A “biological age” predicts that men, obesity, smokers, and depression all contribute to biological aging, according to a new study.
Biological aging or functional aging is the progressive decline in the physiological ability to meet requirements and, in addition to genetics, is also influenced by factors such as chronological age, diet, stress, exercise and sleep.
Aging can be measured in a number of ways. While chronological age is measured by date of birth, scientists have developed a series of measurements to determine our biological age. These include measuring the length of telomeres (small caps at the end of our chromosomes that shorten as we age), chemical changes in our DNA (epigenetics), and changes in the proteins and metabolites in our body (proteomic and metabolomic measures).
Although studies have linked these individual measures to physical and mental health, it is not known whether they affect one another – a or whether they cumulatively affect our general wellbeing as we age. This new study, published in eLife, is the first to combine these individual measurements of biological age and show how they are related to mental and physical health.
‘To gain a better understanding of the mechanisms underlying biological aging, we set out to examine how indicators of biological aging are related, how they are related to determinants of physical and mental health, and whether a combined biological clock consists of all age indicators are a better predictor of health, “explains lead author Rick Jansen, assistant professor at the UMC’s Department of Psychiatry.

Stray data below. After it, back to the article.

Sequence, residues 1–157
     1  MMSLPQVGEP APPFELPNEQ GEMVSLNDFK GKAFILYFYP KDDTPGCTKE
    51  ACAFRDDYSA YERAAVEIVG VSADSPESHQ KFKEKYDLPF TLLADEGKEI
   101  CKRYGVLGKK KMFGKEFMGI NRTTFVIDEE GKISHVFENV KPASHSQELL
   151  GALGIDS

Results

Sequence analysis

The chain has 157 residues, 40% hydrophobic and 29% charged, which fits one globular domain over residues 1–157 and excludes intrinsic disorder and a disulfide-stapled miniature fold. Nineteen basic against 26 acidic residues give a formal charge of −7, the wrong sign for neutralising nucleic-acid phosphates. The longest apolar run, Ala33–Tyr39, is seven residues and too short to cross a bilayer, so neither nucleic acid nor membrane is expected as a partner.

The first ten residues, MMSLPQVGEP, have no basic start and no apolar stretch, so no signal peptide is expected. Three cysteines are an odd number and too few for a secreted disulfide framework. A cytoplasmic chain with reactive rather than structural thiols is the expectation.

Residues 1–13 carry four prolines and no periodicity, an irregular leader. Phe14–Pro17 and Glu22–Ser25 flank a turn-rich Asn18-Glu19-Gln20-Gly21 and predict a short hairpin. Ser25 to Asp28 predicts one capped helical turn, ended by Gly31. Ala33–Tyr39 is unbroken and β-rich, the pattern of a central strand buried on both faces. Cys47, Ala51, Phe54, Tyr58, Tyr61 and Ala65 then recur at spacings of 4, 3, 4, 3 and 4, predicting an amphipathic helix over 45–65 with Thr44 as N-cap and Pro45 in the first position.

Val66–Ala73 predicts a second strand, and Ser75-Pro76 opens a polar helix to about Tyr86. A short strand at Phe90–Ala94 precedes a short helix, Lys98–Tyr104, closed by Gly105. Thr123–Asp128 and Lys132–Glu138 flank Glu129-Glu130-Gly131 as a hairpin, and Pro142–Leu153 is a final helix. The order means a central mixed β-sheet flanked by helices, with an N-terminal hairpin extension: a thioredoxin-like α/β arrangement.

The team used blood samples from nearly 3,000 people who participated in the Dutch study of depression and anxiety. They used computer models to create custom indicators of biological aging based on five commonly used measurements: telomere length, epigenetics, gene values, metabolites, and proteomics. The five indicators were then linked to various factors such as gender, lifestyle factors, and known physical and mental disorders such as depression.
Of the five biological aging indicators, it was found that only three interact significantly in individuals, so that an increase in one indicator was also accompanied by an increase in the other indicator. There have been many overlapping and diverse associations between certain aging indicators and certain lifestyle factors or diseases. But being male, having a high body mass index (BMI), smoking, and having metabolic syndrome were most consistently linked to more advanced biological aging.
The team also confirmed that depression was linked to more advanced aging, as measured by epigenetics, genetic scores, and proteomics. This suggests that biological aging is related to both mental and physical health.
When they combined all five metrics into a composite biological age score, they found more and stronger associations for the composite score than for any individual biological aging indicator. This composite score had larger associations with BMI, gender, smoking, depression severity, and metabolic syndrome, highlighting the interplay of different systems on cumulative biological aging.